Leave the real pearl hunting to the ama divers, and head to this Tokyo shop to experience extracting your very own gem from a selection of oysters.

Just over 100 years ago, Koichi Mikimoto, nicknamed the Pearl King, took a huge step into perfecting the art of pearl farming, creating an industry that could produce near-perfect cylindrical pearls to adorn the necks and ears of celebrities worldwide. His legacy created an opening for Japan to become the worldwide leader in cultured Akoya pearl production, a position it has enjoyed ever since.

Thanks to Mikimoto’s ingenuity and perseverance, beautiful Akoya pearls are now more obtainable than they have ever been. However, usually we are dependent on pearl farmers doing the dirty work to provide us with these exquisite and lustrous seeds. Now, we can find them ourselves in the heart of Tokyo.

This is the knowledge we were armed with when we headed to Pico-Labo in Taito-ku, where visitors can extract pearls from oysters themselves. We knew what we were going to do, but nothing had prepared us for the nervous titillation we experienced while trying to choose the “right” one. We hesitantly made our choices and were ready to begin.

Each oyster, and thus each pearl, is unique. It’s one of the beautiful things about a product created by nature – pearls come in many different colors, sizes and shapes. Like a Kinder egg – or a box of chocolates – you never know what you’re going to get. Perfectly round ones are almost impossible to find – only about 5% of pearls produced will be the almost entirely flawless ones that we’re used to seeing in stores.

Even so, we were confident our pearl – round or not – would be beautiful and perfect, because we had chosen it ourselves.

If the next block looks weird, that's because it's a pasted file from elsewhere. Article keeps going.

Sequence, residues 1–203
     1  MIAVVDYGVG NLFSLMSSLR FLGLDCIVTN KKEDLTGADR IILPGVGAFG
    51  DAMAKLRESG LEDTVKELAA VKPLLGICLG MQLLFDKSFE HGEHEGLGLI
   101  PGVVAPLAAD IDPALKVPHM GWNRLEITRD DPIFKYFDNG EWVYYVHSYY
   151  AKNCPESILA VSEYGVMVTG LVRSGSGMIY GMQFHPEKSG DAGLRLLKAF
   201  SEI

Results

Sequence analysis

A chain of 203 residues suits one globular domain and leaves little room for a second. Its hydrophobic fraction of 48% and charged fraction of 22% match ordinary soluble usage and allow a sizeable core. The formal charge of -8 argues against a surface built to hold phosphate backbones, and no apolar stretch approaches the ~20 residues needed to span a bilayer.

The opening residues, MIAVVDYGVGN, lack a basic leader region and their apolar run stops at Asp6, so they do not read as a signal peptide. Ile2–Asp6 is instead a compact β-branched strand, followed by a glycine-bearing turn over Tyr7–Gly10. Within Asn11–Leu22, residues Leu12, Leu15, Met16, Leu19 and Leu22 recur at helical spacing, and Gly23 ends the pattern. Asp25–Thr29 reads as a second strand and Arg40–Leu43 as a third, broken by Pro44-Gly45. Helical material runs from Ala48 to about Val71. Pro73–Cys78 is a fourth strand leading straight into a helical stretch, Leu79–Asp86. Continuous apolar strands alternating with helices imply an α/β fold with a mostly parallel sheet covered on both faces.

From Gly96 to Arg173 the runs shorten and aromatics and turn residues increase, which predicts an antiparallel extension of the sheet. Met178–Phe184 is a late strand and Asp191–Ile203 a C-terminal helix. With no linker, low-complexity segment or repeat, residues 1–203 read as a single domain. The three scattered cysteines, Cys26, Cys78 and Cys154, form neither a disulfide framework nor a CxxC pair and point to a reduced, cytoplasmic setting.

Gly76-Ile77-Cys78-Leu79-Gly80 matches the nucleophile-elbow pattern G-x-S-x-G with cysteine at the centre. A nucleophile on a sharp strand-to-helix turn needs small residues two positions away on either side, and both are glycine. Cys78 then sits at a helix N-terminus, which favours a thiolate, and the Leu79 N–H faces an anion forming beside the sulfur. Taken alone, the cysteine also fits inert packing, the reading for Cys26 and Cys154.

Cautiously, we slid the tip of our knife into the shell’s “hinge,” twisting it gently. We pried the oyster open to reveal … a gooey mess. Armed with a tiny silver-colored shovel we carefully groped around in the hope of finding a lustrous treasure. Suddenly, resistance! Had we struck gold? With some trepidation, we gently applied pressure around the oyster’s insides, when something suddenly caught the light. A pearl! Our pearl! We scooped out our globe and wiped the slimy residue off to reveal a pearl with a rose pink shade. Akoya pearls come in varying shades ranging from rose pink to blue with silver and pink undertones, with the latter being the most rare.

The whole experience starts at ¥1,300, which is a bargain since you could hit the jackpot with a giant, high-quality pearl. If you’re not quite sure what to do with your pearl once you have extracted it, Pico Labo offers a selection of accessory options: put your pearl inside a pendant, drill a hole in it and attach it to a chain necklace, or attach it to a brooch. You can also try extracting two and make earrings out of them, but they will most likely not match in color, shape or size.

If you would like to go on a pearl hunting adventure of your own, or you simply want to buy pearl accessories and would like an extensive selection to choose from, Pico Labo has you covered. The staff speaks some English, and you can reserve an appointment via email or by phone.

For Pico Labo contact details, please check our Concierge listing.